Pollock's Legend Still Splattered On Art World | WAMU 88.5 - American University Radio
Filed Under:

Pollock's Legend Still Splattered On Art World

Play associated audio

Even a century since his birth, American "splatter artist" Jackson Pollock still provokes heated debate about the very definition of art.

Was a man who placed a canvas on the floor and dripped paint straight from the can actually creating a work of art?

"It's very hard if you try to build the paint up to this extent with this many colors and not achieve mud," says National Gallery of Art curator Harry Cooper.

"He didn't achieve mud here — I think he achieved something quite beautiful," Cooper tells weekends on All Things Considered host Guy Raz. "And in the process, he opened up a whole new way of thinking about what a painting could be, how you could make a painting, what it could do in an abstract way."

The public perception at the time, though, was distinctly different than that of art critics.

"In the popular mind, he was Jack the Dripper," Cooper says. "I think all of those feelings and associations have remained with the work, no matter how many books and how many retrospectives he has."

In 2006, one of Pollock's works sold for $140 million — the most ever paid for a painting. He remains polarizing, a man whose work is as derided as it is desired.

Born in Cody, Wyo., on Jan. 28, 1912, Paul Jackson Pollock trained under the acclaimed American naturalist Thomas Hart Benton. During that time, Pollock's paintings were indistinguishable from Benton's — clear human forms with enhanced curves, as if windblown or carved like riverbeds.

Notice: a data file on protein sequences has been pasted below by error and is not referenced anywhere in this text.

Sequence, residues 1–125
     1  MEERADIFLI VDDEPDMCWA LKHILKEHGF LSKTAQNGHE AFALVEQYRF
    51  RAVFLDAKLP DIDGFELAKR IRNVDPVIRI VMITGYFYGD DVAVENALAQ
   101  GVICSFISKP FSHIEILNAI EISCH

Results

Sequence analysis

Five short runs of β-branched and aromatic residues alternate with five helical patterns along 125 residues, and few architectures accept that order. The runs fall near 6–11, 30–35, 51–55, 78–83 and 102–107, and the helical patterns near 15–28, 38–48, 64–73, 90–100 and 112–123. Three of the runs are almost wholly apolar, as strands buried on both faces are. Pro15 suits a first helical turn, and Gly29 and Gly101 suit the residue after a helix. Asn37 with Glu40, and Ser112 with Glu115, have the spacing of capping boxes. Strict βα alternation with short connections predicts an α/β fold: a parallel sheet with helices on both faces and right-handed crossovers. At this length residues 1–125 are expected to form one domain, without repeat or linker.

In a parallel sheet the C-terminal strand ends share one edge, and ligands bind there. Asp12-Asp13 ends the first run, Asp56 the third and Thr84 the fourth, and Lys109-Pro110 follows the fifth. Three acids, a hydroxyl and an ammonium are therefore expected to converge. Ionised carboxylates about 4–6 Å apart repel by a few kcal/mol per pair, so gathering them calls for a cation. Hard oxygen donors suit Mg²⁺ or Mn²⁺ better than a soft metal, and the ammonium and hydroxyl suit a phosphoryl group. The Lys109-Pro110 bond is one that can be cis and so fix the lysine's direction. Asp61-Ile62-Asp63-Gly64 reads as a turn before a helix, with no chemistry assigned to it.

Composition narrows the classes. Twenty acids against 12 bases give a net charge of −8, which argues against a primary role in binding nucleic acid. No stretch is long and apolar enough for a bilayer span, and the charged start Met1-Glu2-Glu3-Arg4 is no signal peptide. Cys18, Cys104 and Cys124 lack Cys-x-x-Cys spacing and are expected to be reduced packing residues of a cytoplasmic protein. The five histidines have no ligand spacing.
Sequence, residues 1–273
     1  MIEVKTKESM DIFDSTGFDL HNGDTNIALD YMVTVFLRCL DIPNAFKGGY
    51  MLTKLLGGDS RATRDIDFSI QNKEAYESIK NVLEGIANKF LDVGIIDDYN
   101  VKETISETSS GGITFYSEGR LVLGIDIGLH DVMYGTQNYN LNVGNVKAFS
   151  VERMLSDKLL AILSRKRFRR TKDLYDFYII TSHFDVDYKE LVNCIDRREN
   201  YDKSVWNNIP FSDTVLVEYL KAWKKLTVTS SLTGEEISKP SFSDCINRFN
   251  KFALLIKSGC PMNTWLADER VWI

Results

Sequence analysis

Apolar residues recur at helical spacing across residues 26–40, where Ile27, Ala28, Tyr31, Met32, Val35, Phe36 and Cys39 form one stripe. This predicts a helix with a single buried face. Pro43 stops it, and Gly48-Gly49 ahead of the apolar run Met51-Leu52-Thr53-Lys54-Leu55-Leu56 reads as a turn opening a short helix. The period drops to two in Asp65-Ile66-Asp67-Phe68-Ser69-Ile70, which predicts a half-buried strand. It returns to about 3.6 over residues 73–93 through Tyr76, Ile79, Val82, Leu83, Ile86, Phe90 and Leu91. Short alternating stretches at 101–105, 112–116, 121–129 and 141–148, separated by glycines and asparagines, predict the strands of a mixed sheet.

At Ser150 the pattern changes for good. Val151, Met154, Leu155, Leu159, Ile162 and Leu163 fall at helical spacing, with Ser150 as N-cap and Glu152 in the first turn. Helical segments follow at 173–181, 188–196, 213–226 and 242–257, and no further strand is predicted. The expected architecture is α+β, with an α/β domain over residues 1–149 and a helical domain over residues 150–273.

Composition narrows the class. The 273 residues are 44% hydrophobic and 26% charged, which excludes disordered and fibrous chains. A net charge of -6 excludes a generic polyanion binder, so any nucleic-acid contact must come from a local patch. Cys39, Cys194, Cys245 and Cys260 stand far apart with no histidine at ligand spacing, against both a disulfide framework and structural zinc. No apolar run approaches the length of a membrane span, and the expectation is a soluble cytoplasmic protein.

Over time, Pollock's forms would become more surreal, like Picasso's. Surprisingly, the trademark splatter work doesn't make an appearance until Pollock's mid-30s.

"In fact, by the end of 1950 and '51, he's not doing the drips anymore," Cooper says. "He returns to the figure and spends his last years doing something quite different."

Pollock died tragically at the age of 44. After a lifetime struggling with alcoholism, he crashed his car while driving drunk. His death befit the legend that grew around his life.

"He was a macho man from Cody, Wyoming," Cooper says.

Copyright 2012 National Public Radio. To see more, visit http://www.npr.org/.

NPR

Kids' Films And Stories Share A Dark Theme: Dead Mothers

Why do so many animated movies star motherless kids? Sarah Boxer, a graphic novelist, cartoon-lover and mother, talks to NPR's Kelly McEvers about the phenomenon and the message it sends to children.
NPR

What If The World Cup Were Awarded For Saving Trees And Drinking Soda?

We thought you'd get a kick out of seeing how the four teams in the final World Cup matches stack up in global health and development.
NPR

What Will Become Of Obama's Request For Immigration Relief Funds?

NPR's Arun Rath talks to political correspondent Mara Liasson about the chances of a political agreement over how to handle the migration of thousands of Central American children.
NPR

Looking For Free Sperm, Women May Turn To Online Forums

Bypassing commercial sperm banks, thousands are logging on to websites where women can connect with men at no cost. Anecdotes abound, but the scope of the unregulated activity is unclear.

Leave a Comment

Help keep the conversation civil. Please refer to our Terms of Use and Code of Conduct before posting your comments.